- Connect wheels to drive shafts placing one shaft collar on either side of the wheels.
- Make sure there is enough space to add another shaft collar.
- Also make sure the placement shaft collars ensure that the wheel will not touch the side of the base
- Put drive shaft on wheel support and secure with another shaft collar
Step 10: Final Assembly
Now you can take the components that you put to the side earlier and superglue them to the base
- CAREFULLY take the breadboard and glue it to the base with hot glue (make sure to put the side with the active power rails in to the center.
- Glue the Arduino to the base (make sure to leave space for the USB to reach be able to connect to the)
- Glue power source to the base (leave room to recharge!!!)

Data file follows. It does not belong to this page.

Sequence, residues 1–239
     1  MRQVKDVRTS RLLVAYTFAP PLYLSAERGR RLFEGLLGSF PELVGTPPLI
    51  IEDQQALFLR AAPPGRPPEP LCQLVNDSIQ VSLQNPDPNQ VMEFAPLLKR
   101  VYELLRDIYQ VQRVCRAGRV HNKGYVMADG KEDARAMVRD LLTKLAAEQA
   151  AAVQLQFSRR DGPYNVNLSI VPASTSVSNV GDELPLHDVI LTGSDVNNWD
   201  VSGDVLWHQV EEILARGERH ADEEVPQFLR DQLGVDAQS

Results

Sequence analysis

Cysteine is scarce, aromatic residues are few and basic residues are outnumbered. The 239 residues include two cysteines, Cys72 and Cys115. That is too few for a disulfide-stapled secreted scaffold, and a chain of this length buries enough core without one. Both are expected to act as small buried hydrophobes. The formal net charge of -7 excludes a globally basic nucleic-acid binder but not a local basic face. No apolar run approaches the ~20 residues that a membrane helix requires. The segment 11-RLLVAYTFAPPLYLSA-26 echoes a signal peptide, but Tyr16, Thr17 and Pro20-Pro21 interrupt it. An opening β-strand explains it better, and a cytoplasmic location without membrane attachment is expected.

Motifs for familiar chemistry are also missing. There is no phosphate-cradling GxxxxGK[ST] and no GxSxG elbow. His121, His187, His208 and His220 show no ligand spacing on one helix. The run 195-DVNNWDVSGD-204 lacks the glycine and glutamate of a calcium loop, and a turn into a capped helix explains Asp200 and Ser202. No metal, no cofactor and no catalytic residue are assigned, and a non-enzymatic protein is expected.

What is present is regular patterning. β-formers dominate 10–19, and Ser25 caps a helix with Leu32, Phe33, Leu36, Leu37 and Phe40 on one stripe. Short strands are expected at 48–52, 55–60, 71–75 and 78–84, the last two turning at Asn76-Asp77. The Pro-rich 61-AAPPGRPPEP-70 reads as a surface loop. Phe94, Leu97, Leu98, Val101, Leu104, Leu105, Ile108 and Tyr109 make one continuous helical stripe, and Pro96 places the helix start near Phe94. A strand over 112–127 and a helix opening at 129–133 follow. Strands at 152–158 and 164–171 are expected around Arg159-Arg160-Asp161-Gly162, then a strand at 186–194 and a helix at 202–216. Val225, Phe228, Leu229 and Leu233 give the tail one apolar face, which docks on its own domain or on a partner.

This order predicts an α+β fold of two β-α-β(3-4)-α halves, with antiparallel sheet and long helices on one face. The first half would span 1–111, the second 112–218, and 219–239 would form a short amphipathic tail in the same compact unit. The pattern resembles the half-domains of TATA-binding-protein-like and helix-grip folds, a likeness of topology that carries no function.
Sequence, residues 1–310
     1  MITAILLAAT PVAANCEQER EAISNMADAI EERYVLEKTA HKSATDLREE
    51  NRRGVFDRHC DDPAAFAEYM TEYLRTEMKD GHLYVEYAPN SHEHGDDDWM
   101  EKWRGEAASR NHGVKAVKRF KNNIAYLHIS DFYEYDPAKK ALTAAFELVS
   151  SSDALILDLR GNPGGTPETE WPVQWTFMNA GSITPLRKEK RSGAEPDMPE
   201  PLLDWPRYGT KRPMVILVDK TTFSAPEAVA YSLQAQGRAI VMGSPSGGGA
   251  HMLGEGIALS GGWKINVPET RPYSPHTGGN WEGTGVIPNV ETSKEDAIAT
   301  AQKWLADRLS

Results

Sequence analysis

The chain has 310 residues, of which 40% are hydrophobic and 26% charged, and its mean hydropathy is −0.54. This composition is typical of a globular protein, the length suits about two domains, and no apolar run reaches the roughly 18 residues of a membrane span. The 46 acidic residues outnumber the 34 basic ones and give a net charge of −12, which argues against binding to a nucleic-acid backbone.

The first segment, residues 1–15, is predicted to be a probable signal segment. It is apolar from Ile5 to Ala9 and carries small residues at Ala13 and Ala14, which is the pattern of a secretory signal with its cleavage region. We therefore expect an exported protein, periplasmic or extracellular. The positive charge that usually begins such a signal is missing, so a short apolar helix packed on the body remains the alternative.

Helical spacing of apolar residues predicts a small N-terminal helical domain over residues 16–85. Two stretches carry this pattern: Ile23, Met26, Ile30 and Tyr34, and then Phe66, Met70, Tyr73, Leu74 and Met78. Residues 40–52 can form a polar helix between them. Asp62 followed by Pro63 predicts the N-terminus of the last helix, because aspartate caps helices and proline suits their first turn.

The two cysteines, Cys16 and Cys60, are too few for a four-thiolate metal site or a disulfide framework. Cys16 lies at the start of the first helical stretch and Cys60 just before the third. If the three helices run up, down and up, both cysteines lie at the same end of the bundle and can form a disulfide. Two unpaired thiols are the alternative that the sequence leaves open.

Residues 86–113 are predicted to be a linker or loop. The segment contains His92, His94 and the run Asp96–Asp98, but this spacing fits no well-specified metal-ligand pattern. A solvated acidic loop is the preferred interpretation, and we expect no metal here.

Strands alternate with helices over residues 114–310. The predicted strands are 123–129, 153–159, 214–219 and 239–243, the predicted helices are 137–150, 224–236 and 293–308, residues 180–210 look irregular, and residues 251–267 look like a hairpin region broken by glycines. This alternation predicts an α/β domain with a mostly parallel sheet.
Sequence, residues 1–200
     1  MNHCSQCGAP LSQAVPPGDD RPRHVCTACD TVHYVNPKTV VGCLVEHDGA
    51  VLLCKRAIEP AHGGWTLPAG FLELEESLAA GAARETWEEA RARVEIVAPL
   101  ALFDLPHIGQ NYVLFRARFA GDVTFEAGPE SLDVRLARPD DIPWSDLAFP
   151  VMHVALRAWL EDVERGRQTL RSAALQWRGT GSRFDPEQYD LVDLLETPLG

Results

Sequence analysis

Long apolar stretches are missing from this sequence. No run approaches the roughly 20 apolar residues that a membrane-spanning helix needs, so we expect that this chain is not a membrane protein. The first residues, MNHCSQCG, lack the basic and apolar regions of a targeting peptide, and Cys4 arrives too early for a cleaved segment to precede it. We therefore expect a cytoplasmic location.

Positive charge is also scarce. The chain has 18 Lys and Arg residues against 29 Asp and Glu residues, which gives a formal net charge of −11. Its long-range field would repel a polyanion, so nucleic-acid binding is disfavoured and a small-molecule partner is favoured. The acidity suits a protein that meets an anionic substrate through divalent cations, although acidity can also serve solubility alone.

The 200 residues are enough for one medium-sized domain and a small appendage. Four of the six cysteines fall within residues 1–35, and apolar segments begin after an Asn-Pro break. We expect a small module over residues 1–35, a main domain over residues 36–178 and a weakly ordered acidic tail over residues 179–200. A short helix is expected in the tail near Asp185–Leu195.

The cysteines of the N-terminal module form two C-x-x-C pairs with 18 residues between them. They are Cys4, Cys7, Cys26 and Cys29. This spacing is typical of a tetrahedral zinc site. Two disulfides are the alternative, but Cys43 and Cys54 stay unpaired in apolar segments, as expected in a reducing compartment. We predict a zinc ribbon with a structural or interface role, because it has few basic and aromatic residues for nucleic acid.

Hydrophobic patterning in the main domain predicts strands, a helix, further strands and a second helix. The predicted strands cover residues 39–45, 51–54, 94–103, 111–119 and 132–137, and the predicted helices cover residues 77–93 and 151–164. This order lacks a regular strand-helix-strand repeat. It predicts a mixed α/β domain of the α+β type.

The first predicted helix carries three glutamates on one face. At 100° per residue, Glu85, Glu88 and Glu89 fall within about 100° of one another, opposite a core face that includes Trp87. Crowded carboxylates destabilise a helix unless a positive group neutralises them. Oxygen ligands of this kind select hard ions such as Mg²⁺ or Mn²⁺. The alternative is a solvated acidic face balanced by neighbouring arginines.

- Put the motor controller end of the through the hole in the bottom and connect them to the appropriate motor
- Make sure to label both the motor controller and the base (with a letter or number)
- Glue wires to bottom of the base to avoid pulls and tangling
- Glue receiver to base or power source.
Now all the mechanical aspects of this project are done!!!
Step 11: Arduino Code
This code is complicated and probably would work better with regular DC stepper motors and a shield! So if you want to make your life easier, here is a tutorial to an easier coding ordeal with those items.
- To test out motors use the sweep code (already installed with the Arduino application).